A “Game Changer”: FTC Approves Final Orders in Sony PS Vita False Advertising Case

PS Vita False AdvertisingThe FTC has approved two final orders settling charges against Sony and its advertising agency as it relates to claims Sony made about its PlayStation Vita (“PS Vita”), a handheld gaming console.  In its complaint, the FTC alleged that Sony deceived its consumers through false advertisements of the PS Vita’s purported technological features that Sony termed as “game changing.”  The FTC also charged that Sony’s advertising agency, Deutsch LA, knew or should have known that the advertisements it produced contained misleading claims about the console’s capabilities, and that the advertising company misled consumers by urging its employees to create awareness and excitement about the PS Vita on social media without disclosing that they were employees of Deutsch LA.

Sony began the $50 million advertising campaign in February 2012.  The advertisements and endorsements over social media ultimately led consumers to purchase a product that did not do what Sony promised it would.  For example, the advertisements said users of the PS Vita would “Never stop playing” and showed users enjoying the “remote play,” “cross save” and real-time 3G features.  But the FTC says that despite the ads’ promises, consumers really couldn’t use the “remote play” feature, had to have two copies of the game to use the “cross save” feature, and there was no live or multiplayer features even if consumers brought the 3G version of the PS Vita.

Under the terms of the FTC’s order with Sony, Sony is prohibited from making misleading advertising claims about the features of its handheld gaming consoles going forward.  Also, Sony is required to provide consumers who bough a PS Vita handheld gaming console before June 1, 2012 with either a $25 cash or credit refund, or a $50 merchandise vouchers for select Sony video games, and/or services.  Likewise, under the FTC’s order with Deutsch LA, the advertising company is prohibited from making similar misrepresentations as Sony, and bars misrepresentations that an endorser of any game console product or video game product is an independent user or ordinary consumer of the product.  It also requires the agency to disclose a material connection, where one exists, between any endorser of a game console product or video game product and Deutsch LA or other entity involved in the manufacture and marketing of the product.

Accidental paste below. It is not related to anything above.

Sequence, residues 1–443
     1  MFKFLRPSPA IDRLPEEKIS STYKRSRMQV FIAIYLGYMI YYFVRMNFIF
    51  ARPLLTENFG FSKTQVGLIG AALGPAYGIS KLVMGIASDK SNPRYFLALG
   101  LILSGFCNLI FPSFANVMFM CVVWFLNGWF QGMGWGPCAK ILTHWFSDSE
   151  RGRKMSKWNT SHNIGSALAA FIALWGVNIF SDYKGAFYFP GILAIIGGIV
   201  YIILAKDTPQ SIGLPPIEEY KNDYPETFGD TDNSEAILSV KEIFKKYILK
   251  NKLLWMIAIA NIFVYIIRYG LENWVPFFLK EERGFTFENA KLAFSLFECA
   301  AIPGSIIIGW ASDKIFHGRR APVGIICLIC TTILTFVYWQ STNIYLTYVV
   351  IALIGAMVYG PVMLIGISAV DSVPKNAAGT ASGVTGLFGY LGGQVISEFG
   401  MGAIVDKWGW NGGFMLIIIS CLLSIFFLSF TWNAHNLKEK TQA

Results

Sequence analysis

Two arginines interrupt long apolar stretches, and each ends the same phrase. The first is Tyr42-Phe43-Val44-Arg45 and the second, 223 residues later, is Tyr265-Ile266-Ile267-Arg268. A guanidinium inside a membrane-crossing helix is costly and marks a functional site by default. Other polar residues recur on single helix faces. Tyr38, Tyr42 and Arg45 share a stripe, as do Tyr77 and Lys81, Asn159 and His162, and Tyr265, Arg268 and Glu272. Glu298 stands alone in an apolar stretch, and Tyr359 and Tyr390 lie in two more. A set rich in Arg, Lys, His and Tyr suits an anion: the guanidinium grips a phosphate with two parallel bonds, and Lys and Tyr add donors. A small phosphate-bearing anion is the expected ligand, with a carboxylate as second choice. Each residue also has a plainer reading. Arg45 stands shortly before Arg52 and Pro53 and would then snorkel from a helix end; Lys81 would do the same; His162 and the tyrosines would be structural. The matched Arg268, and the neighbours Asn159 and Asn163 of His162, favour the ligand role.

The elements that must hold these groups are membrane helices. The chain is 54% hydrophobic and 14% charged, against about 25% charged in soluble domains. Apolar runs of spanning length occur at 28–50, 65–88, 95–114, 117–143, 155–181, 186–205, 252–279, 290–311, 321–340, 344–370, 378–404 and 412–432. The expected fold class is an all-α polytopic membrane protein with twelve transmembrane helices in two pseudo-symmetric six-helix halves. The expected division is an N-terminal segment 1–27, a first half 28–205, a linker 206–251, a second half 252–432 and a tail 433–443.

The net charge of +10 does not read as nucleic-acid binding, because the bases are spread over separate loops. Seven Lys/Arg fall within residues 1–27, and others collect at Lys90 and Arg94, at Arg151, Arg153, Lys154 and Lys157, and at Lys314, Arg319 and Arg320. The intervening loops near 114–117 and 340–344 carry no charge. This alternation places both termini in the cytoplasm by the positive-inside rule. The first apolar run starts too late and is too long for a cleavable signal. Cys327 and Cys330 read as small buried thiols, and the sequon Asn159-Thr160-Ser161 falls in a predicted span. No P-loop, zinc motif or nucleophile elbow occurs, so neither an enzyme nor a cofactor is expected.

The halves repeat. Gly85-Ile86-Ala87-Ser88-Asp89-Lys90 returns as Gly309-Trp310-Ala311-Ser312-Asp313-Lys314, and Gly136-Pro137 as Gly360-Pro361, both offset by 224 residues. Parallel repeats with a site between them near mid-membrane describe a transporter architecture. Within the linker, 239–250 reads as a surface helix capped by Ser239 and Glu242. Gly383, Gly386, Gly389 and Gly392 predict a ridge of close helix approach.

While the FTC’s message to Sony regarding its false advertising of the PS Vita device is clear, this case is made more interesting by the fact that Sony’s advertiser, Deutsch LA, was involved in the settlement with the FTC.  The FTC’s allegations against Deutsch LA were that it knew or should have known that the PS Vita could not perform the functions that Sony advertised it could.  This means that advertising companies must do their own homework on a product and ensure that it can perform as the product maker says it can before creating ads about the product.  Additionally, companies attempting to advertise via social media must be mindful of their requirement to disclose any involvement that the person advertising their product has with the company.  As a result, advertising companies like Deutsch LA should take stock in the FTC’s recent settlement and make sure that they investigate any advertising claims a company wants them to make as it relates to a certain product, and must disclose any ties an individual advertiser has to the company.

PS Vita Settlement Statement from Playstation